Good afternoon Dayton!  Thank you to everyone coming out to the Fairfield commons and talking about Windows 2003 R2 and Exchange SP2.  I hope everyone learned something new and enjoyed themselves.  There were a few questions that I did some research on.  So here the Questions and Answers from the event.  As always feel free to comment if I missed any question or if you need additional information, enjoy! 

Q: What protocols and ports does Distributed File System DFS use?
A:
The Distributed File System (DFS) integrates disparate file shares that are located across a local area network (LAN) or wide area network (WAN) into a single logical namespace. The DFS service is required for Active Directory domain controllers to advertise the SYSVOL shared folder.

Distributed File System (DFS)
Application protocol          Protocol              Ports
NetBIOS Datagram Service     UDP                138
NetBIOS Session Service         TCP                139
LDAP Server                           TCP                389
LDAP Server                           UDP                389
SMB                                        TCP                445
RPC                                         TCP                135
Randomly high TCP ports         TCP                 random port number between 1024 - 65534

This is a great question and I get this question frequently, not necessarily about DFS (listed above), but in general about all Windows Server core network port requirements).  There is a great KB article found here:  
KB 832017: http://support.microsoft.com/default.aspx?scid=kb;en-us;832017

Q: Can Distributed File System (DFS) replicate Windows Share Point Files?
A:
No, DFS can only be used for files that are closed, because files are replicated only after they are closed, using DFS Replication for data collection is not advised for databases or any other types of files that are held open for long periods of time.  There are even some problems with Outlook .pst files as well.  You will have to set Outlook to periodically lock .pst file in addition depending on the version of Outlook you may need a hotfix to make it work properly.  There is a great TechNet article that discusses in detail DFS.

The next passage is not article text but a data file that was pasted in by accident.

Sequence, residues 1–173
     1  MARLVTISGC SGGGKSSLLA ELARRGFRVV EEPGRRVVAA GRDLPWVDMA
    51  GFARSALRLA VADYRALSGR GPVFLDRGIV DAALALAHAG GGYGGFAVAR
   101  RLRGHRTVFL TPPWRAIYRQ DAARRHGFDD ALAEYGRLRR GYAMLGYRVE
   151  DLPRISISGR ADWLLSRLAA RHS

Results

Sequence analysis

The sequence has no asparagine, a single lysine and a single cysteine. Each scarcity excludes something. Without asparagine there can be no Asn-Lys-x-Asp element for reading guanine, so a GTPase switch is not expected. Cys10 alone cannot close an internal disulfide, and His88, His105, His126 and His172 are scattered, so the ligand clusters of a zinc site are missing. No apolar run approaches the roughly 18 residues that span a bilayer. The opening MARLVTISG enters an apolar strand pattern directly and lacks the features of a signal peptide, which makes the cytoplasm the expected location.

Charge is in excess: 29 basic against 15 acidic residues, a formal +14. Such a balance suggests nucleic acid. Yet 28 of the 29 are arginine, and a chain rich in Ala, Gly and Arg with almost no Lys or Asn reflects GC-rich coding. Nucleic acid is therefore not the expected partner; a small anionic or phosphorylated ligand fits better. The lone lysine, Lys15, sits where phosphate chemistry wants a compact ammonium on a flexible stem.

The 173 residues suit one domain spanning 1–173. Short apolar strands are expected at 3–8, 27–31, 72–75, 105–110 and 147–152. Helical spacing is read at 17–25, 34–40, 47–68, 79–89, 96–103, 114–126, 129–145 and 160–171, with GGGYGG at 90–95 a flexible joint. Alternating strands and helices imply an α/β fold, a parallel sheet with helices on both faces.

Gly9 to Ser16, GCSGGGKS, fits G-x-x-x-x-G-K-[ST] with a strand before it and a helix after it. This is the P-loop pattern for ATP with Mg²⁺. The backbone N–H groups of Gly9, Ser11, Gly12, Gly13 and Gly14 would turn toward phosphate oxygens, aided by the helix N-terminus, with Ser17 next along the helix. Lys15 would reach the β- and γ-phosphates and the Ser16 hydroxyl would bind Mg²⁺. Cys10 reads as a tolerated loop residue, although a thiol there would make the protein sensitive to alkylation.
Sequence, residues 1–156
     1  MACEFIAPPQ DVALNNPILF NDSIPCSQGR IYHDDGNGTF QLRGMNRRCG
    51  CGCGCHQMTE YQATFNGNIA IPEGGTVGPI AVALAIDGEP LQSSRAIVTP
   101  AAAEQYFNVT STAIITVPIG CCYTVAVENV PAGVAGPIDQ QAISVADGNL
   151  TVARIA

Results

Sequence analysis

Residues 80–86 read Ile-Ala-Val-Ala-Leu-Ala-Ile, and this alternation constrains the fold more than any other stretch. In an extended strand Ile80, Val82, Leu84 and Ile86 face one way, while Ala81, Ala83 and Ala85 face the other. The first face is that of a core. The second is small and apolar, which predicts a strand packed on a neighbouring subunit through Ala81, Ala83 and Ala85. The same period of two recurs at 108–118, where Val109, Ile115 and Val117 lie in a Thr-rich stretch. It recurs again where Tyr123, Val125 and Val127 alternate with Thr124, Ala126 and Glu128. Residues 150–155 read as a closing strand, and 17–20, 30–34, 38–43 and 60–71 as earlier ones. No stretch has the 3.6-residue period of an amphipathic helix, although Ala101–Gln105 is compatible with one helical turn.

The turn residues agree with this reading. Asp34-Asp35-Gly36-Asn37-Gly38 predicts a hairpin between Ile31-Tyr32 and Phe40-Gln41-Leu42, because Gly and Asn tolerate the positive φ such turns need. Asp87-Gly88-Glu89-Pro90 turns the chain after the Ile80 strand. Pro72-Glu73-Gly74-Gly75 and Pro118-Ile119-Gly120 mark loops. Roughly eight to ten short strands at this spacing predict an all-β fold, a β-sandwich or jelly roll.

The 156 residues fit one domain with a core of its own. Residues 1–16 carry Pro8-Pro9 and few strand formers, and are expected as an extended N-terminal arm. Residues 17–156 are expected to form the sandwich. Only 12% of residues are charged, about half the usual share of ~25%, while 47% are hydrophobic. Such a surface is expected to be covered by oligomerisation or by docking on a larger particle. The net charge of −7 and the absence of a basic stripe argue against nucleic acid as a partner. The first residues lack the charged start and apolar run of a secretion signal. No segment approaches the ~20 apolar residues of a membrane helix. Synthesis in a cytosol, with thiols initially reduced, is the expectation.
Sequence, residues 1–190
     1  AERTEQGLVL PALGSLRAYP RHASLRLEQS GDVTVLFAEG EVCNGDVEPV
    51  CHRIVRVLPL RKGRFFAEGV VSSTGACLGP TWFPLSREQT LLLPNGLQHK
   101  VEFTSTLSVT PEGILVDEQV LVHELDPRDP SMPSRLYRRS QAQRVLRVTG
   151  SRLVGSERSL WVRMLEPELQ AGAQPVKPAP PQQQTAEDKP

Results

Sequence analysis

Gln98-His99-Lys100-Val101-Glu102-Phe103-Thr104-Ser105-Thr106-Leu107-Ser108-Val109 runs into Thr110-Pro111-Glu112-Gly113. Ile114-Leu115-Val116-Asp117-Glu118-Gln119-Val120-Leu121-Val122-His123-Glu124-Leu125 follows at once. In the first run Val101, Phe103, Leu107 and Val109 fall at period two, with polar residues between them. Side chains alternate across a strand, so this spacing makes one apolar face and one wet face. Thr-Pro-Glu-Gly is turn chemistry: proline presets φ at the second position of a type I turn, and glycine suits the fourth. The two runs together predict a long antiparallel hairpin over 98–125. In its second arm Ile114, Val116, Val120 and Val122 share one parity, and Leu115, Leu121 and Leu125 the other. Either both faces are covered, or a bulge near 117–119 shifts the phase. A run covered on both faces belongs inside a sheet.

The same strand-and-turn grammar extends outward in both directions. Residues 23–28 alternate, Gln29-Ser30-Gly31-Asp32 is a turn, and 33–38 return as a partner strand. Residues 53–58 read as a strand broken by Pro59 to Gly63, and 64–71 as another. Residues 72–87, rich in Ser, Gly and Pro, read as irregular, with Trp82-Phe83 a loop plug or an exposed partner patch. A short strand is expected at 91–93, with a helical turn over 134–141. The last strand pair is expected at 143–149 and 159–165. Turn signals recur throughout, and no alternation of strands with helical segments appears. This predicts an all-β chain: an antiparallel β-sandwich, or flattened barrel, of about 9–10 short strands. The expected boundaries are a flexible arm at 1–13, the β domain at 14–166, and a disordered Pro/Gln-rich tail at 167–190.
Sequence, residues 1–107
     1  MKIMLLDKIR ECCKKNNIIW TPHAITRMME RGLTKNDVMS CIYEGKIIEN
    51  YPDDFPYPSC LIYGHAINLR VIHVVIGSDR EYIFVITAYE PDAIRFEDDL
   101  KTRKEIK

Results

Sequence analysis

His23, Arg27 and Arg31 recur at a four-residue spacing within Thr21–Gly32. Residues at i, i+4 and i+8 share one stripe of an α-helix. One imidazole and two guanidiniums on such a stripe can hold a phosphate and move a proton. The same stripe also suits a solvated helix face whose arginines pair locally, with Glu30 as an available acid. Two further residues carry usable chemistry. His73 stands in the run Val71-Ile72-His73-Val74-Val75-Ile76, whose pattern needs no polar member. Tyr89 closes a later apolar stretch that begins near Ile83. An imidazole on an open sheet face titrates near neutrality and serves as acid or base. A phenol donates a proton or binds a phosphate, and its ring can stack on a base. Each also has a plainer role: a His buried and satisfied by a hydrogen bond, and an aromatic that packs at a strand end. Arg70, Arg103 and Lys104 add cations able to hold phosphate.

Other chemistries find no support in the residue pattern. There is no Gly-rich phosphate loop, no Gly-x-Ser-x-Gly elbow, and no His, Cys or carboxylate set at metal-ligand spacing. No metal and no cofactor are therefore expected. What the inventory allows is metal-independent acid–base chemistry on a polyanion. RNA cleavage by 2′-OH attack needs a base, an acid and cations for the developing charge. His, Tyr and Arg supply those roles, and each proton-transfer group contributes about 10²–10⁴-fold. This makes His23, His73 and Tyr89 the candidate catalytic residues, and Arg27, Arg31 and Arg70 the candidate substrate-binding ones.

Located here: http://technet2.microsoft.com/WindowsServer/en/Library/1aa249c0-40f3-4974-b67f-e650b602415e1033.mspx

Q: Can I load Exchange SP2 on Small Business Server 2003 (SBS)?
A:
Yes. Windows Small Business Server 2003 with SP1 fully supports Exchange Server 2003 SP2. Exchange Server 2003 SP2 was tested to ensure compatibility.  Check out the SP2 FAQ: http://www.microsoft.com/exchange/evaluation/sp2/faq.mspx 

Q: Will there be a Windows Small Business Server 2003 R2?
A:
Yes there will be.  Once it becomes available there will be a version for SBS.  For some more information take a look here: http://www.microsoft.com/windowsserver2003/sbs/r2/default.mspx

Q: Can you change the volume where the Shadow Copies are created in System Center Data Protection Manager (DPM)?
A: 
Yes, you can.  You create areas of storage called Storage Pools.  The storage pool is a set of disks on which the DPM server stores the replicas, shadow copies, and transfer logs for the protected data. Planning the storage pool involves choosing sources for storage capacity, calculating capacity requirements, and planning the configuration of the disks.  DPM can use any of the following for storage pool capacity:

·        Direct attached storage (DAS)

·        Fibre Channel storage area network (SAN)

·        iSCSI storage device or SAN

The storage pool supports most disk types, including Integrated Drive Electronics (IDE), Serial Advanced Technology Attachment (SATA), and SCSI, and supports both the master boot record (MBR) and GUID partition table (GPT) partition styles.

The storage pool does not support USB/1394 disks.

To learn more about how to deploy DPM (planning, sizing, configuration,…etc.)  check out the the System Center Data Protection Manager Planning and deployment guide: http://www.microsoft.com/downloads/details.aspx?FamilyId=034FCFD6-DEFE-44BC-BF18-F4A22CB17D95&displaylang=en 

Q: Can you turn off the automatic system restore for Windows XP volumes?
A:  
Yes, you can, you can even turn it off for specific volumes.  To disable System Restore from monitoring a particular drive, click Start followed by Control Panel and double click the System icon. Then click on the System Restore tab on the System dialog box. Depending on your disk setup, use the following instructions:

  • Single partition: Clear the Turn off system restore check box to disable System Restore.
  • Multiple disks or partitions: To prevent System Restore from monitoring a particular partition, click on the drive to disable and then the settings option. Clear the Turn off System Restore check box to disable monitoring the drive in question. You cannot disable monitoring of the system drive explicitly; you must disable System Restore for the entire system to prevent system drive monitoring.

There is a great FAQ on System Restore here: http://www.microsoft.com/technet/prodtechnol/winxppro/plan/faqsrwxp.mspx